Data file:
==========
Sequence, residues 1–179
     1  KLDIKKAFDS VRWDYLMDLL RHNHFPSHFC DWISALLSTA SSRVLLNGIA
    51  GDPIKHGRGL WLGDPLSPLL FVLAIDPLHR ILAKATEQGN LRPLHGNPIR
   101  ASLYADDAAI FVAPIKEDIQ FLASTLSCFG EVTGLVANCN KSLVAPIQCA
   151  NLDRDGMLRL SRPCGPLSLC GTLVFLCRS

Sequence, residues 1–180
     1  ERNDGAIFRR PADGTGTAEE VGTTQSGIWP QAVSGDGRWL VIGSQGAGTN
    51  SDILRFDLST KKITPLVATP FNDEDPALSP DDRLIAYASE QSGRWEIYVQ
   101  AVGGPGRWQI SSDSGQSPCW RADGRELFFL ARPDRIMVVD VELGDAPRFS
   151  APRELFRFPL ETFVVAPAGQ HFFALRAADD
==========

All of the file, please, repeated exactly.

Sequence, residues 1–179
     1  KLDIKKAFDS VRWDYLMDLL RHNHFPSHFC DWISALLSTA SSRVLLNGIA
    51  GDPIKHGRGL WLGDPLSPLL FVLAIDPLHR ILAKATEQGN LRPLHGNPIR
   101  ASLYADDAAI FVAPIKEDIQ FLASTLSCFG EVTGLVANCN KSLVAPIQCA
   151  NLDRDGMLRL SRPCGPLSLC GTLVFLCRS

Sequence, residues 1–180
     1  ERNDGAIFRR PADGTGTAEE VGTTQSGIWP QAVSGDGRWL VIGSQGAGTN
    51  SDILRFDLST KKITPLVATP FNDEDPALSP DDRLIAYASE QSGRWEIYVQ
   101  AVGGPGRWQI SSDSGQSPCW RADGRELFFL ARPDRIMVVD VELGDAPRFS
   151  APRELFRFPL ETFVVAPAGQ HFFALRAADD